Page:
Latina Singer Sabrina Claudio Attacked Black Women In An Old Account And Twitter Is Coming For Her
Sultry songstress Sabrina Claudio is a rising act in R&B. But while the vocalist is a lover of Black music, an old social media account is proving she doesn’t share that same affection for Black women.
On Monday, a fan revealed that before the Cuban-Puerto Rican singer started making waves musically, she was attacking Black women and using the N-word on her Twitter account, @OhDamnYoureUgly.
“It must suck to be a black girl with no booty,” reads one tweet from March 2012. “Fuck it, i’ll be a black girl for Halloween,” reads another one from that October.
For all of those who are wondering what she said since it's been deleted pic.twitter.com/vlL9eT14hV
— ?? (@forniaa) April 9, 2018
Claudio, who was 15 and 16 at the time of writing the tweets, respectively, which have since been deleted, offered a lackluster apology after being dragged by fans.
— SC (@sabrinaclaudio) April 10, 2018
“I am deeply sorry for the insensitive words I’ve used. Some of the things you are seeing are true while others aren’t,” Claudio, 21, wrote in a statement, though she did not distinguish which comments were true or false. “I realize my past ignorance is affecting people I care so much about and I am so sorry. I’ve made mistakes and while I cannot take them back, I will learn from them.”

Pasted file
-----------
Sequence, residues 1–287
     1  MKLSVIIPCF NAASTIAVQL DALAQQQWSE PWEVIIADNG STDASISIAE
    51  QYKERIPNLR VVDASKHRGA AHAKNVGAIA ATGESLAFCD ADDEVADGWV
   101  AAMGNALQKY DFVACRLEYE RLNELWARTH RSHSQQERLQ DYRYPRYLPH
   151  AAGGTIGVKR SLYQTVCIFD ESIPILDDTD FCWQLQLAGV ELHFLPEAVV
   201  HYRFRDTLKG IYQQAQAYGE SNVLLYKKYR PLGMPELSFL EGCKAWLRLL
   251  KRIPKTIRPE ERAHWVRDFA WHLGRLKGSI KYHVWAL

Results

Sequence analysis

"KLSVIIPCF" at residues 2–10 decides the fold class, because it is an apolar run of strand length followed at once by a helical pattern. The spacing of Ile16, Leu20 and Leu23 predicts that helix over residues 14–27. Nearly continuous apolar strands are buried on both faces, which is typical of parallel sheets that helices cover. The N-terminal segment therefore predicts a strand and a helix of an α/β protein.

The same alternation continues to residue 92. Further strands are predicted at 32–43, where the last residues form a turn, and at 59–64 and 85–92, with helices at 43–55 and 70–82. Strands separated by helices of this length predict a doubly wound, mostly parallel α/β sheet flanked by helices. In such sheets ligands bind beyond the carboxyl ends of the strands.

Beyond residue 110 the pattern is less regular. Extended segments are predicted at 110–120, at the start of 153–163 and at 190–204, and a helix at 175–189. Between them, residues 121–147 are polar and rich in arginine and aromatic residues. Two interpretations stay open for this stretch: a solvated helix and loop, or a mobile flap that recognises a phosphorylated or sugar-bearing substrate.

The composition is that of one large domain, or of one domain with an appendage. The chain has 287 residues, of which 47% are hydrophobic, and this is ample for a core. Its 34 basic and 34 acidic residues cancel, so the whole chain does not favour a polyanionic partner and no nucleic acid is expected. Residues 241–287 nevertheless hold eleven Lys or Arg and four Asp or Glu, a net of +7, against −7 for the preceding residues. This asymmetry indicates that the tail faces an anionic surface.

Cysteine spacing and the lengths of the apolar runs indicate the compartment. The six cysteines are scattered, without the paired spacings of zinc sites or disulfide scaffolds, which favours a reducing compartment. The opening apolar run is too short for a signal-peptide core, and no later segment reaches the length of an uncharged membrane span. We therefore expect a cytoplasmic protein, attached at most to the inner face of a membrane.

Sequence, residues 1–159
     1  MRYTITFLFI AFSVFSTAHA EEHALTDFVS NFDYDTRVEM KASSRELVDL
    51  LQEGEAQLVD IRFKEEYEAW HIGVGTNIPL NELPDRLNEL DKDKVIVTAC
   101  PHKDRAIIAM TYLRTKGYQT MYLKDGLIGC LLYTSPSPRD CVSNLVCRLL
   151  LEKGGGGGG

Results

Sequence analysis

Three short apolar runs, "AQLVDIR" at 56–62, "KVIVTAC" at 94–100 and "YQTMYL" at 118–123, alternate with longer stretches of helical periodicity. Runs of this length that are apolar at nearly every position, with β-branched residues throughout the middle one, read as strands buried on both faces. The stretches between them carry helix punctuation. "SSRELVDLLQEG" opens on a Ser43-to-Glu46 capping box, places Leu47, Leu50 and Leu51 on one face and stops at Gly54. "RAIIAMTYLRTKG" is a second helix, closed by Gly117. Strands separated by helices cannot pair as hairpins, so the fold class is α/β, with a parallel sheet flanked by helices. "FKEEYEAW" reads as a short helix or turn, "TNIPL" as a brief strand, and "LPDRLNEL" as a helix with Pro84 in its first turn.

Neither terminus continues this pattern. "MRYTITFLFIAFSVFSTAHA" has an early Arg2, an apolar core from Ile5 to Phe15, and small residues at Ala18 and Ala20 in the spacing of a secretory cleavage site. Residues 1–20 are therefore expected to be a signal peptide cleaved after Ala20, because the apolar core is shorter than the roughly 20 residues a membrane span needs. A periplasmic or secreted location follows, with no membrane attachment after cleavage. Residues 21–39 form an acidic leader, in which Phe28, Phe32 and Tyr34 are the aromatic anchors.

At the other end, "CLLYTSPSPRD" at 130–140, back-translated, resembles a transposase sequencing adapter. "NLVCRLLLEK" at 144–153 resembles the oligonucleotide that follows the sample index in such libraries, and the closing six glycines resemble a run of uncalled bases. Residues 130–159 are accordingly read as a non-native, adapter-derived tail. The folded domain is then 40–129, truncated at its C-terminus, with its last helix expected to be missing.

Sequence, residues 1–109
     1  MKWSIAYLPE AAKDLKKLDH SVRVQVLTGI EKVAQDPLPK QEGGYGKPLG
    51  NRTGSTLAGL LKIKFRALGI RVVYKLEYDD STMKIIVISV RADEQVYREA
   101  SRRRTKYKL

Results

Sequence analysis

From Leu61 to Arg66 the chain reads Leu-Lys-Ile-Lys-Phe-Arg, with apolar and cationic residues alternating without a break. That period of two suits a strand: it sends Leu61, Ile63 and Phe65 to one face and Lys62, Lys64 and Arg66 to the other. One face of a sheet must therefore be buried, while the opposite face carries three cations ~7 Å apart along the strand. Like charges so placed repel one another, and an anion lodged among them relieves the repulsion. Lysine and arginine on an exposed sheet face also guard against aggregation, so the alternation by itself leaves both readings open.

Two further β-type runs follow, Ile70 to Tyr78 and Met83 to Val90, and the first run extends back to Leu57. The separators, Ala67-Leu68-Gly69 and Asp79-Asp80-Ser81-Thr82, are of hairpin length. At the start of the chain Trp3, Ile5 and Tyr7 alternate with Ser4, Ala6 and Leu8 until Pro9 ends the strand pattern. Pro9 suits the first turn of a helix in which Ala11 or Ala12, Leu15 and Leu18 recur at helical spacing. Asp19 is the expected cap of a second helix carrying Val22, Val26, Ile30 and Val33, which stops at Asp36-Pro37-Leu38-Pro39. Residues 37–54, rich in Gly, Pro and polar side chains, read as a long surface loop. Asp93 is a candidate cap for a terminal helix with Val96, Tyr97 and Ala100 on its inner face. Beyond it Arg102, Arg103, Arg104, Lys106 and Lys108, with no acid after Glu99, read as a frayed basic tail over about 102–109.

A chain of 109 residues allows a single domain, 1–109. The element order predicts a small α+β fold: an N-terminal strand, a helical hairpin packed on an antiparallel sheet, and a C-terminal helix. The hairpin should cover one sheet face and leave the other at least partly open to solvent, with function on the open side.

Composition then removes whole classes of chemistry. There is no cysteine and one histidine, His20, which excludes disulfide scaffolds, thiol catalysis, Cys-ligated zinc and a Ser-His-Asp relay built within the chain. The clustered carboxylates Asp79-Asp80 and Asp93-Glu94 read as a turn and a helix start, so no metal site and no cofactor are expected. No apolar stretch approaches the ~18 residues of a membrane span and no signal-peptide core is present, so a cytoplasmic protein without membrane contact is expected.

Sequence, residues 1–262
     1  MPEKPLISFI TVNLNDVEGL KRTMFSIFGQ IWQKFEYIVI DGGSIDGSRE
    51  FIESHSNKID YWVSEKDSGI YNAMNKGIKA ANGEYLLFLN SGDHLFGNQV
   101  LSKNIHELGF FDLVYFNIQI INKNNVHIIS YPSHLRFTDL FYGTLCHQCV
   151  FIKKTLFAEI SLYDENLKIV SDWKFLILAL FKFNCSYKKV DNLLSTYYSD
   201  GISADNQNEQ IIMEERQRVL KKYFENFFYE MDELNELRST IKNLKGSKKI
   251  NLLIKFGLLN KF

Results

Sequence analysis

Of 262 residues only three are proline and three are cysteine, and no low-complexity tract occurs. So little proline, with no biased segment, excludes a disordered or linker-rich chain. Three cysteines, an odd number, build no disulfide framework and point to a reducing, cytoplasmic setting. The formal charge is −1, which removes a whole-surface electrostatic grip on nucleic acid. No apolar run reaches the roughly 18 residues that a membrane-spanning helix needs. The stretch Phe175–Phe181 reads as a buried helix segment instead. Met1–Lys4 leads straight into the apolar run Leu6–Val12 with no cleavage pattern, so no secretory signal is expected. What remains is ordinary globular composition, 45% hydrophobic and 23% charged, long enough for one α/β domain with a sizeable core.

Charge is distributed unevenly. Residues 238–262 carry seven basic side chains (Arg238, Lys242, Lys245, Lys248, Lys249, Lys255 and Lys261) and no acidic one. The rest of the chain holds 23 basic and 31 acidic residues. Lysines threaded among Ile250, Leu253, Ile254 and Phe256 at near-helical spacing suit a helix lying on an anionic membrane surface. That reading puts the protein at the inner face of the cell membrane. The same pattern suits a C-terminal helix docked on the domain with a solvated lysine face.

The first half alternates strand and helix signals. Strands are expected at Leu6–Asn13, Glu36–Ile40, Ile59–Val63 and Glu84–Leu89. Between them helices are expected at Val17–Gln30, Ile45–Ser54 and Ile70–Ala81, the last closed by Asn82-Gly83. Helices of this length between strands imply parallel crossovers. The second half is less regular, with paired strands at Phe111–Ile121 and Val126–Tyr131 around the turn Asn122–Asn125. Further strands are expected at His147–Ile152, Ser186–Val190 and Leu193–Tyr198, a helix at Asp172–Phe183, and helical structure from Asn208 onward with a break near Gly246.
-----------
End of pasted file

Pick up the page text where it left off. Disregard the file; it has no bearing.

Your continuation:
The Miami native, who despite her apparent disdain for Black women has worked with Black male artists like Khalid, Duckwrth and 6lack, may — or may not — have evolved since writing her racist tweets as a teenager; however, her past, and how she is handling it in the present, speaks to problematic behaviors displayed by plenty light-skinned and white Latinas.
Whether, like Claudio, spewing anti-Black hate or, like J.Lo, casually using the N-word, or, like most of us, not speaking up when Black folks — including African-Americans, Afro-Latinxs, Afro-Caribbeans and Africans — are the butt of a joke or the reason we are told to be cautious in certain (read: Black) neighborhoods, light-skinned and white Latinas are part of the problem.
Yes, even you, in your Black Lives Matter t-shirt, who’s woke in professional spaces but raps the N-word when you’re home.
Even you, immigrant rights advocate, who ignores data that shows Black foreigners are more likely than others to be deported after a criminal conviction.
Or you, with your Black romantic partner, who gets hype when they tell you (light-skinned) Latinas do it better.
And you, the anti-cultural appropriation activist, who gets tight when the Kardashian-Jenners do or say anything about Selena but make no noise when they’re rockin’ cornrows.
And me, the editor who wants to center Black Latina voices, but still has more light-skinned freelancers.
We, light-skinned and white Latinas, are all complicit in anti-blackness, from the Sabrina Claudios, who are spitting on the women who built the culture they are starting careers in, to those who put in the work to educate and eradicate anti-Black racism and expect a soft, pale sugar cookie in return for their service.
Light-skinned and white Latinas, we must do better.
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